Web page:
Nick Earle is a Canadian guitarist and singer-songwriter from St. John’s, Newfoundland. Nick began his career in the music industry as one half of the nationally recognized duo “Earle and Coffin.” He is a 2-time Canadian Folk Music award winner and a 5-time MusicNL award recipient. While celebrating the success of Earle & Coffin, Nick has now stepped out into a new musical endeavor along with his band “The Reckless Hearts.” Together, they channel a vintage style of Blues & Rock ‘n’ Roll which is garnering them attention nationwide. Their debut record is set to release on April 24th, 2020 as a follow up to Nick Earle’s 2019 release Breaking New Ground.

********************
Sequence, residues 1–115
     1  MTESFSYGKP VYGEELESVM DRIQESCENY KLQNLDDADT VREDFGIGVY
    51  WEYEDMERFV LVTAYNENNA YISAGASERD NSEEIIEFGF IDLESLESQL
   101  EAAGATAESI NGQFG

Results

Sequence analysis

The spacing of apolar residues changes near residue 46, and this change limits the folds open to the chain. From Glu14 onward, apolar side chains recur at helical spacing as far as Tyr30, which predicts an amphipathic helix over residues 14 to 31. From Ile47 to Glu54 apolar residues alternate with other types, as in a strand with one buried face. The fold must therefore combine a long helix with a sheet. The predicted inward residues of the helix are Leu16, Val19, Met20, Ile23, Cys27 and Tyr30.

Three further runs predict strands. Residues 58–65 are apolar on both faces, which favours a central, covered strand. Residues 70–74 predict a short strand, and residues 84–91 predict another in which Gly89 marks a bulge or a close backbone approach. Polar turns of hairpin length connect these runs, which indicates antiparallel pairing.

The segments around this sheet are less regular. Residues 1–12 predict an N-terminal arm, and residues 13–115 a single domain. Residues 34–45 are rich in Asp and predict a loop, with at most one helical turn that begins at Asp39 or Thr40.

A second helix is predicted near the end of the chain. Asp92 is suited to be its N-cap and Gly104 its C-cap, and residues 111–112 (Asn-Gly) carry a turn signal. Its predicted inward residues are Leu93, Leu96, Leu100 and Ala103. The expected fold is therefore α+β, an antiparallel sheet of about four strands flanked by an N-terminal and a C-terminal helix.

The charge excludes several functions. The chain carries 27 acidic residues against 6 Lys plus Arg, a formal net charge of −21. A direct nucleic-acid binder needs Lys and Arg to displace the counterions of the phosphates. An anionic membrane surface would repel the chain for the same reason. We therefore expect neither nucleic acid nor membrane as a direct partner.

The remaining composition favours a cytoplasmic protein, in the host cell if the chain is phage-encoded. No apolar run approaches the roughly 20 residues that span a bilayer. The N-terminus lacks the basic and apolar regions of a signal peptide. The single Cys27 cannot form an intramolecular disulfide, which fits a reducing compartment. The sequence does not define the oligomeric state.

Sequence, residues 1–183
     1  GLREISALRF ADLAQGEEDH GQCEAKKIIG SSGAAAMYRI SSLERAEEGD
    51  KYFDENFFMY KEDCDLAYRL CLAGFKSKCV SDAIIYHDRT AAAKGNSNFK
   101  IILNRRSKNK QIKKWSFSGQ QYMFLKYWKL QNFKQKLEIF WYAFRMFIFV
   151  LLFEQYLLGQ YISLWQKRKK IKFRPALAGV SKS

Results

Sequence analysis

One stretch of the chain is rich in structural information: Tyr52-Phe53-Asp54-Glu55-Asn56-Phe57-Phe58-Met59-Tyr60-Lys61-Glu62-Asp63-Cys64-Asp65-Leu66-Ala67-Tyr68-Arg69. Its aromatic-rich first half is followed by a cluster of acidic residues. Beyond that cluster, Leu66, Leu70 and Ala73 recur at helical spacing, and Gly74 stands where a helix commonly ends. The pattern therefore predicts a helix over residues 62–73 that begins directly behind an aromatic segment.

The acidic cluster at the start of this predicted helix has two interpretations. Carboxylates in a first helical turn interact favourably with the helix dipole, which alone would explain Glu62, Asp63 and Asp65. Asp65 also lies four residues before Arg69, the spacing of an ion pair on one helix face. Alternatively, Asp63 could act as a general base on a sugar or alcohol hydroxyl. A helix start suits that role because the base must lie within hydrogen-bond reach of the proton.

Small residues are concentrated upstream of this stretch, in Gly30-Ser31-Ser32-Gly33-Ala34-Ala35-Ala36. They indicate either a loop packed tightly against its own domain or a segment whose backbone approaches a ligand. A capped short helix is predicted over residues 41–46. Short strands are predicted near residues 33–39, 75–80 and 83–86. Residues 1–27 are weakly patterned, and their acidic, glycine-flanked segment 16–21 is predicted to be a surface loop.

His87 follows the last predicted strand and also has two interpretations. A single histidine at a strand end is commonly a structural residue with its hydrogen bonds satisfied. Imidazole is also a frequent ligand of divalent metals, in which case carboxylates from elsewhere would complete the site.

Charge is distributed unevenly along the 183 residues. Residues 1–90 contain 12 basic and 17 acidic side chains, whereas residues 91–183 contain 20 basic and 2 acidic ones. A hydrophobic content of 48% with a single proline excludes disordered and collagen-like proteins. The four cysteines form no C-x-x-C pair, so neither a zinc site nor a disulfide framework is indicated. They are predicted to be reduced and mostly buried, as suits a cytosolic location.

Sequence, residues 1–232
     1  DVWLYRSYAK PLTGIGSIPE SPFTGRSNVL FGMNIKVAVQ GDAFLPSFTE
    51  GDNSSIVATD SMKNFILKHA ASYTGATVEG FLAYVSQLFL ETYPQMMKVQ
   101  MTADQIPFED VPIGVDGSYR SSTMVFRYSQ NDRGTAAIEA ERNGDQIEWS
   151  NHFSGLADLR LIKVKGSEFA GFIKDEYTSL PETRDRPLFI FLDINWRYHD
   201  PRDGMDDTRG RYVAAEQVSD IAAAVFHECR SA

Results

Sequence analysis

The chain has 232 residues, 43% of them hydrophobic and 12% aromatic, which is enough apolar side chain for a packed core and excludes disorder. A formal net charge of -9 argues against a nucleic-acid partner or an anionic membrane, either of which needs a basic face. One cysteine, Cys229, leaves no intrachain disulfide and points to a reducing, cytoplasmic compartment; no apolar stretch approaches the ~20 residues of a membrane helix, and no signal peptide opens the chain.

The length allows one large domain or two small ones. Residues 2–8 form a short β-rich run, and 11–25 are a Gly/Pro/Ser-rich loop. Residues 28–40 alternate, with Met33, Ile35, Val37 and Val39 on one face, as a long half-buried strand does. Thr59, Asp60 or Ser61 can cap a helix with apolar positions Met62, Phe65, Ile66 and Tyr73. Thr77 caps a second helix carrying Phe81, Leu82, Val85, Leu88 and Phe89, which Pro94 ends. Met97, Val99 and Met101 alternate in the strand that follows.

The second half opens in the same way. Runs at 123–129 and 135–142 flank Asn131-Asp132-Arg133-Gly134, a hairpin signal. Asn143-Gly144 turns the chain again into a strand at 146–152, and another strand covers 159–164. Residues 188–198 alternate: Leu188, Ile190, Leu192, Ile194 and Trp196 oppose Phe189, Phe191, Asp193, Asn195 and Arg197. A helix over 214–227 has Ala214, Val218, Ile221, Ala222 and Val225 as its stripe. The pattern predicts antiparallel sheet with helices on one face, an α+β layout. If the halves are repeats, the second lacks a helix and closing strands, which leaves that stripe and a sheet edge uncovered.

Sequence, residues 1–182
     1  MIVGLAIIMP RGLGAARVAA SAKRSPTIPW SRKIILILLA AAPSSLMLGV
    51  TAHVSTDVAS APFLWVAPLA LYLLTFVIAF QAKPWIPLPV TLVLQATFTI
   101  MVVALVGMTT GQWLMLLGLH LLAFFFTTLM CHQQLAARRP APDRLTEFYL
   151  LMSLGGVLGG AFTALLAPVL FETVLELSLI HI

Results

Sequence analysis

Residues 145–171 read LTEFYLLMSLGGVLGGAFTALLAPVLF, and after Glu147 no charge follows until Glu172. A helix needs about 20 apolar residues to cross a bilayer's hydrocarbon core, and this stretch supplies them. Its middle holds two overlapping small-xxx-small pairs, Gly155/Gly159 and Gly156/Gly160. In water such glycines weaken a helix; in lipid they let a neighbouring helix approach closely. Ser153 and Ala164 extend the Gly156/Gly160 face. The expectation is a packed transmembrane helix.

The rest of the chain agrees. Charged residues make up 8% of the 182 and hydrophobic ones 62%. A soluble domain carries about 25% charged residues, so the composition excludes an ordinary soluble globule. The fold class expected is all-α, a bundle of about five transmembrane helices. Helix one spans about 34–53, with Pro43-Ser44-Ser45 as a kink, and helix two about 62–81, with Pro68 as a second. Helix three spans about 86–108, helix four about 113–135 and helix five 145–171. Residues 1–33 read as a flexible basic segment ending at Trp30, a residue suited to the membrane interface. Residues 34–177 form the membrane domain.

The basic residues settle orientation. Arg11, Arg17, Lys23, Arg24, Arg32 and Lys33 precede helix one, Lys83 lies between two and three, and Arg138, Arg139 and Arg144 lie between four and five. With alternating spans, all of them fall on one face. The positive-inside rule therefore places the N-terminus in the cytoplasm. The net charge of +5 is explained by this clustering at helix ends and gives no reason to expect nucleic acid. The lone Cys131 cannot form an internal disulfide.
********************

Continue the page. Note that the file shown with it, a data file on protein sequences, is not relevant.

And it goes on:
2016 JUNO WINNER for Children’s Album of the Year, The Swinging Belles, a swing band for kids from St. John’s, NL, are intent on getting both kids and adults to kick up their heels and have a swinging good time with the whole family!
The Swinging Belles feature child educators and performers Laura Winter and Erin Power joined by guitarist extraordinaire Duane Andrews. This show is all about getting kids and parents out to have a dance and enjoy some swing country and jazz…kid style. As primary school teachers, both Laura and Erin know first hand the joy that kids feel when they can boogie to some good time music, and as parents, Duane and Erin know the importance of enjoying the music that our kids are listening to! The show is packed with music, interactive storytelling and dancing…lots of dancing!